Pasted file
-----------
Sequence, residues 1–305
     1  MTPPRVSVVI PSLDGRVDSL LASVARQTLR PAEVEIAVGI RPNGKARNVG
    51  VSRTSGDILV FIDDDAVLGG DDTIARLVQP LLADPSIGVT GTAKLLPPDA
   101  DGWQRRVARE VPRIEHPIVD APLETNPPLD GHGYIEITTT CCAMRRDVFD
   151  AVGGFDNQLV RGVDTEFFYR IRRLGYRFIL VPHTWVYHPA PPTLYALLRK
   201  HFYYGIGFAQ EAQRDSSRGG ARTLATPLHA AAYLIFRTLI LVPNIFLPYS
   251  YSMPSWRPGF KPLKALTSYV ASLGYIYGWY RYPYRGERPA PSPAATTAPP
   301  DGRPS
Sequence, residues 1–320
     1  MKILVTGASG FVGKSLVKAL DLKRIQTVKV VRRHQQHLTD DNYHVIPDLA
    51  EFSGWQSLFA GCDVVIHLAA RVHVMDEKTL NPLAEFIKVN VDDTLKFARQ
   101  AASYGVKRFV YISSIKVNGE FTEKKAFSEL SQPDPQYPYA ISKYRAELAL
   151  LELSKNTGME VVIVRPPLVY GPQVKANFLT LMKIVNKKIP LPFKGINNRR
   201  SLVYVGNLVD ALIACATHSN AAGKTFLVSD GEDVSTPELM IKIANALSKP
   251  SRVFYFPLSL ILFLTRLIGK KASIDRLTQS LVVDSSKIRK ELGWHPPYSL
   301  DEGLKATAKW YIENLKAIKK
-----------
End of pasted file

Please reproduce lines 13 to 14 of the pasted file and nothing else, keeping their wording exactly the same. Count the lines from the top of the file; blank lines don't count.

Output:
   151  LELSKNTGME VVIVRPPLVY GPQVKANFLT LMKIVNKKIP LPFKGINNRR
   201  SLVYVGNLVD ALIACATHSN AAGKTFLVSD GEDVSTPELM IKIANALSKP